June 11, 2022

Fooling with the RISC-V

The RISC-V is a open CPU core that was designed at the University of California, Berkeley. The project began in 2010, and by 2019 reached a level of maturity that has attracted a number of companies into making hardware.

Note that there are many RISC-V variants. There is a 16 bit version, which may make a nice toy if you want to play with an FPGA. The usual hardware in production seems to be the 32 bit flavor. There is a 64 bit design, as well as a design with a 128 bit address space. This is university research after all.

The RISC-V is the darling of some components of the open source community. I find this a bit perplexing -- the typical "hacker" is not going to start producing parts in silicon, and while you could certainly put the design into an FPGA, I don't really see advantages to doing so. ARM processors are available and cheap. I don't mind if ARM makes some money licensing them.

The main appeal is for reasons of "PMS" (perceived moral superiority). There is no particular technical merit when compared to an ARM or Xtensa processor.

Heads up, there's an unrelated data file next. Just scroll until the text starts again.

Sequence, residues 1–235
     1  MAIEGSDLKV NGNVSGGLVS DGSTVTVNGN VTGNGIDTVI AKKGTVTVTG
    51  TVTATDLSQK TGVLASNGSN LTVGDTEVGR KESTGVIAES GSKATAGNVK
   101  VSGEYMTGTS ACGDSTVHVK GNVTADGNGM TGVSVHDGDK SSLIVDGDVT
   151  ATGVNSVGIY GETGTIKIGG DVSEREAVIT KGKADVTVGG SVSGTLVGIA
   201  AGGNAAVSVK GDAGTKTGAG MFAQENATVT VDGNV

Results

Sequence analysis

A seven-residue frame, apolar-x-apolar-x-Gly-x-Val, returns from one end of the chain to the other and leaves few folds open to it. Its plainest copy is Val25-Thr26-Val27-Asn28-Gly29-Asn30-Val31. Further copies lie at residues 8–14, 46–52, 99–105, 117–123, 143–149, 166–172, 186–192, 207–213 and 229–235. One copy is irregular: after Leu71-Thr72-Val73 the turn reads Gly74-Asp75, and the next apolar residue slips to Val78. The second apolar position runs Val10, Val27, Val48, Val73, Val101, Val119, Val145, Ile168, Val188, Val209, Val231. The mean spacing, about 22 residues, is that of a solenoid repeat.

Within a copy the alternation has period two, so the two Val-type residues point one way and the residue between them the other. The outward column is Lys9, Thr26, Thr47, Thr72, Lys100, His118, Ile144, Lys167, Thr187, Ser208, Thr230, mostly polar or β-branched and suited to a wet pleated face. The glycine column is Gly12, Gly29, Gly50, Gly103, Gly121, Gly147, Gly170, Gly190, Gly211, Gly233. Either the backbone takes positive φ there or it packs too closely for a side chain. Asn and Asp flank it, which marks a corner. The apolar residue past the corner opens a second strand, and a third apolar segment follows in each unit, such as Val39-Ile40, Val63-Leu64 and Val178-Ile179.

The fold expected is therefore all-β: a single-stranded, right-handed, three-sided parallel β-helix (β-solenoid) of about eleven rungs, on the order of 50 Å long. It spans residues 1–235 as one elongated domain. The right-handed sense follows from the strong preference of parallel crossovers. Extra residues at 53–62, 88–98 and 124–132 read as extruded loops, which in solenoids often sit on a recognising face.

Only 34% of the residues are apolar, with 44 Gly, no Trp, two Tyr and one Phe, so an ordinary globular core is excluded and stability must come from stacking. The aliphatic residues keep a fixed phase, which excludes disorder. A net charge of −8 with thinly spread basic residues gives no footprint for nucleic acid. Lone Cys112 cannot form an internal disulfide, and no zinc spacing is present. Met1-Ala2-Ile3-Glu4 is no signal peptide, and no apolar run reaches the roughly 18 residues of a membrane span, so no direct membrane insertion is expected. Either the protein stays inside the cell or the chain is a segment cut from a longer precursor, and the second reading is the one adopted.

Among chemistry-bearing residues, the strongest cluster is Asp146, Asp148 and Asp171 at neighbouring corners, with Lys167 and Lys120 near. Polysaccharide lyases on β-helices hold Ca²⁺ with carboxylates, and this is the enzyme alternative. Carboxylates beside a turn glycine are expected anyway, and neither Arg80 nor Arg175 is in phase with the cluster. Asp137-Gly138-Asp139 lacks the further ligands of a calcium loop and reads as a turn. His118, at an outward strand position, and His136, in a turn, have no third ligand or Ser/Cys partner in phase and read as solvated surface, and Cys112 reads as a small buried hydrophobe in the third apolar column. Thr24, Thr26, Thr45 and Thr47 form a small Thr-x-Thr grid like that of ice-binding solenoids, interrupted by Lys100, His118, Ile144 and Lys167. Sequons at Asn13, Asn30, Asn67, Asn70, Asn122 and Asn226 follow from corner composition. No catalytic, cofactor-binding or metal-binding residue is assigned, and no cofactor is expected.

All this being said, there is absolutely nothing wrong with the RISC-V, at least not that I have discovered in my dealings with it thus far.

There is endless further confusion and mythology related to RISC versus CISC. Some imbeciles seem persuaded that a CISC design is somehow superior. The only CISC design I am aware of in current production is the x86. It only persists as what it is because it is shackled to certain software that people expect to run on it. RISC is superior in every merit that I am aware of, and I am certain that Intel could produce an even faster processor if they did not have to maintain software compatibility with certain products. It is impressive what Intel accomplishes within the limits of the absurd and outdated x86 instruction set.
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Tom's Computer Info / tom@mmto.org